When You Lose Control

There’s only one master of the remote control in our house. He rules the TV from his throne–a cushy, brown leather chair–with the remote resting on the arm for easy access, and his feet propped on an ottoman. With remote in hand, he wields his power, choosing what we see, what we hear, and what we think about.

When Hubby has the remote, here’s what we see: sports of all varieties except soccer, sports news, action-adventure reruns, and…well, yeah, that’s about it.

When Hubby has the remote, we hear a lot of yelling. (He doesn’t know the officials can’t hear him or that teams can win without his coaching.) Even after I go to bed, I hear the voices of sportscasters in my sleep, or sounds of Hubby fighting in his dreams after watching a particularly action-packed movie.

And sometimes when Hubby has the remote, he controls what we think about…like the real news or fake news on his favorite political news station. Occasionally he watches war documentaries, and those are usually interesting to think about.

One thing you can always count on. The TV isn’t going to be tuned into the same channel for long. If we’re watching a Cardinals game, there are seven other games in seven other sports on seven other channels, and we must get score updates on them all. And commercials? That’s two minutes to flip to a movie and catch a scene. We haven’t watched a full-length commercial in our house since 1997. He skips right past the junk to get to the good stuff.

Lucky for us ladies in the house, Hubby works two weeks of evenings each month, which means we then take charge of the remote and choose the shows we want to watch. But sometimes we can’t wait two weeks, so we banish him to the basement where he can be king of the other remote control. (But we kinda miss him when he’s down there.)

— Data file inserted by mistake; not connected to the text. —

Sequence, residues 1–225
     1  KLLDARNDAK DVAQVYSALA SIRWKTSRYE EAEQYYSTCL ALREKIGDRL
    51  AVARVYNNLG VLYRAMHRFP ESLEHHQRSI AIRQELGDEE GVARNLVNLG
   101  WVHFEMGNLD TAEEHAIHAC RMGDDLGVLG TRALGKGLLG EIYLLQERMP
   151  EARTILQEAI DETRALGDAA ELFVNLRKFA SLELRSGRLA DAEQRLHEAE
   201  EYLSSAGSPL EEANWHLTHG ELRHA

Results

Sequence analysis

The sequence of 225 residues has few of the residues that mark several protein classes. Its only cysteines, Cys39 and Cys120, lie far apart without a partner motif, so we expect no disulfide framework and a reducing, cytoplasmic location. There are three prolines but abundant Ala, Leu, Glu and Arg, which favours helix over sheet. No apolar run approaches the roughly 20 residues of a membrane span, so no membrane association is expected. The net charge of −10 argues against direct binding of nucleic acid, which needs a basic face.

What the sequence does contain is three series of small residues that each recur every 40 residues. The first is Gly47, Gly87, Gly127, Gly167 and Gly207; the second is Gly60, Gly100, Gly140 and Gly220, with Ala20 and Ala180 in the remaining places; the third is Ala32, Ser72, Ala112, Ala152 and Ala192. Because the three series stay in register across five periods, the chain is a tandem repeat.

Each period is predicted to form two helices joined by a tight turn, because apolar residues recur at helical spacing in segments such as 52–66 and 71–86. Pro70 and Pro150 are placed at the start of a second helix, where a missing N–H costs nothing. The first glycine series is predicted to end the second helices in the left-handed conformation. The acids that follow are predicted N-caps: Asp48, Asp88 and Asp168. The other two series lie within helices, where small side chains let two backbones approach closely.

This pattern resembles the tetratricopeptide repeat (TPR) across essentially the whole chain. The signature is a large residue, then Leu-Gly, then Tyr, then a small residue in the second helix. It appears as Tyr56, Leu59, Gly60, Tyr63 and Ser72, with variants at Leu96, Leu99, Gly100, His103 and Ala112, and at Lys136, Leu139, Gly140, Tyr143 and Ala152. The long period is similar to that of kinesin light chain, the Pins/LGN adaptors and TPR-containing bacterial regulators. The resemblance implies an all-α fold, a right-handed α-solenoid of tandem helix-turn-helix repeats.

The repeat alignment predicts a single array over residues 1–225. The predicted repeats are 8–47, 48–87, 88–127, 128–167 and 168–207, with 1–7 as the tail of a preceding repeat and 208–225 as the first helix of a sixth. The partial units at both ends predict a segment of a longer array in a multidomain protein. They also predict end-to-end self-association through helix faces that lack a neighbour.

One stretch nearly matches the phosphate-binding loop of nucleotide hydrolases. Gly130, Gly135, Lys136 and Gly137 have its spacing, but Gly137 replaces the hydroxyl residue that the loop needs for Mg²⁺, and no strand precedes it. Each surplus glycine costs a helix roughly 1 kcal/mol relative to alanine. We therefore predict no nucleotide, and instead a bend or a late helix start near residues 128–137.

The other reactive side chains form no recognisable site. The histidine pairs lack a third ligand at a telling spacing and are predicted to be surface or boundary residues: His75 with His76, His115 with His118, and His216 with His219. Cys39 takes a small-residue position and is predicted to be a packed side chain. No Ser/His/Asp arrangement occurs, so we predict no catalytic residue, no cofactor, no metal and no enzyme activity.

The remote control matters. Whoever has the remote control has the power. That person can push a button and determine what programming fills our heads.

Like a TV remote, we all have buttons that determine what we see, what we hear, and what we think about. But too often, we’re not the one in charge of our own remote control, pushing our own buttons. Instead, we hand it to someone else–or lots of someone elses–and we let them have power over us.

This happens when we worry too much about what others think. As moms, as wives, as women…we are susceptible to letting our fear of what others think determine how we see ourselves, what we say to ourselves, and how we think about ourselves. And when that happens, we lose control.

When we worry about what others think, we may look at ourselves but see someone we don’t really recognize because we are pretending to be who we think others expect us to be. We try to be the mom who can work full-time, juggle the kids’ piano/basketball/martial arts schedules, help with the homework, prepare nutritious meals, and find time to look each child in the eyes to connect in a meaningful way…not the real mom who collapses from exhaustion at night and sometimes wonders why this is so hard when others seem to do it so well.